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In our survey of key influences earlier this year, several of you, including Deborah Wansbrough of Auckland, New Zealand, cited the town of Reggio Emilia approach “for their powerful view of children with their 100 languages.”
Martha Melgoza, an executive director from California cited Loris Malaguzzi’s book The Hundred Languages of Children: “This book has at its core a central belief that children matter. They matter at a level that society does not really see. The Reggio Emilia people founded their practices after World War II as they saw the impact of the war. They decided valuing children and supporting their curious nature was needed. And it is.”
Camillo Reimensnyder, a Nature Based Curriculum Coordinator from Maine said Reggio Emilia's "focus on children as capable beings, teachers as learners, and the hundred languages of children anchors my work. As an outdoor educator, the implicit ecological sensitivities embedded in the work of Reggio Emilia educators and the community has been an inspiration.”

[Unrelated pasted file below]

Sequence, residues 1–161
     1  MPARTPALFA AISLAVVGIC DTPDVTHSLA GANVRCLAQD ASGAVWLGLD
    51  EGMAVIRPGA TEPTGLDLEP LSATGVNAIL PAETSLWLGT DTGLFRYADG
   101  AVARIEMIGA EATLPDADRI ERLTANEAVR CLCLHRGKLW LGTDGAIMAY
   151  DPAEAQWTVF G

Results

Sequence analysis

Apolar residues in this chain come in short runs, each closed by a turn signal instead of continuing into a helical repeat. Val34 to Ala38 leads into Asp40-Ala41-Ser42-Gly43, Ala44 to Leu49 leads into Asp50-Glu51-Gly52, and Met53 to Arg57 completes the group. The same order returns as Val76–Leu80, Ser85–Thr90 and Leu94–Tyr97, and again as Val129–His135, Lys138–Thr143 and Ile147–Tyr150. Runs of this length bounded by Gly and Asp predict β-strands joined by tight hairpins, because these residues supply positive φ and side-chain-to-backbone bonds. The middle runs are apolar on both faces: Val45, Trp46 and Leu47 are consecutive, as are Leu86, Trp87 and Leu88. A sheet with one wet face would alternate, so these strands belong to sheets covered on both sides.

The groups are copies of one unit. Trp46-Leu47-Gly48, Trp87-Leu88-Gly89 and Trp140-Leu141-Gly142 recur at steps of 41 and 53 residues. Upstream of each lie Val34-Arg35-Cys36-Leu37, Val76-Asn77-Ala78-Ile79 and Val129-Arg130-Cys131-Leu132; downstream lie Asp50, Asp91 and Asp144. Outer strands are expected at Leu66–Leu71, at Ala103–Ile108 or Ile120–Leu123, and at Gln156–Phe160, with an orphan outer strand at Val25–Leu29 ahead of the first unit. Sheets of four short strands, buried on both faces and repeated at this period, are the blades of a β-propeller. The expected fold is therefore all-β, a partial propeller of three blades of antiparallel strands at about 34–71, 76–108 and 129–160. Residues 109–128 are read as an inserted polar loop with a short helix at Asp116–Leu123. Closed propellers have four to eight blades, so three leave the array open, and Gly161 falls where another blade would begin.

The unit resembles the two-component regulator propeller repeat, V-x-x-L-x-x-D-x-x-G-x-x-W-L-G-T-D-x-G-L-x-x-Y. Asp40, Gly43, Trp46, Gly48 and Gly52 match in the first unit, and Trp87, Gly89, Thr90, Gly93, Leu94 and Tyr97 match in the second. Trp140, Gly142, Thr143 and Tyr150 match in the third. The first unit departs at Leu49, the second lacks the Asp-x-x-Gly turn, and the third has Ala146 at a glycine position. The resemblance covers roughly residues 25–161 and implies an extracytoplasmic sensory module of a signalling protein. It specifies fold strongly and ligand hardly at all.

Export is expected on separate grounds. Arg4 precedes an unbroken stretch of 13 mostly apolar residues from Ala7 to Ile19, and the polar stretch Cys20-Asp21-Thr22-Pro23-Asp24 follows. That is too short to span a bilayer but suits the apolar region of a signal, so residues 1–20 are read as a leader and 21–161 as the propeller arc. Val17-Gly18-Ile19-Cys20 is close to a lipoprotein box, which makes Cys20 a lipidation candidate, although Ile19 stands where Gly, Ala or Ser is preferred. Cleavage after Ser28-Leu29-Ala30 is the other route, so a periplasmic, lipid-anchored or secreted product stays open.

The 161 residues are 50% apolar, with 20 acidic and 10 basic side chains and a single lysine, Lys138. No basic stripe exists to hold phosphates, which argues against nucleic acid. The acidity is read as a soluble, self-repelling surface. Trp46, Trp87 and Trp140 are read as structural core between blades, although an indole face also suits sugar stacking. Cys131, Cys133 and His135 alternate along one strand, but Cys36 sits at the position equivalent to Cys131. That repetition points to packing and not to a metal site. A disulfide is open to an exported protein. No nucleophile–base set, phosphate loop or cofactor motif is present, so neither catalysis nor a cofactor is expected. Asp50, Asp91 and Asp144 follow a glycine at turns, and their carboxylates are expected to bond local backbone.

Nora Richards, a director from Massachusetts, cited, “books, workshops, conferences, and a study group [that] exposed me to the ideas of the Reggio approach. I have tried hard to refine my observational skills, impart theory to my staff, and approach the field of early education with a Reggio inspired lens.”
Lois Ingellis, an adjunct lecturer in California, appreciated how Lisa Proter Kuh & Iris Chin Ponte wove together approaches by Dewey, Montessori, Vygotsky, and Reggio’s Malaguzzi, noting they "are our strong ece foundations to build our practice upon. We all need to stay grounded in these principles.”
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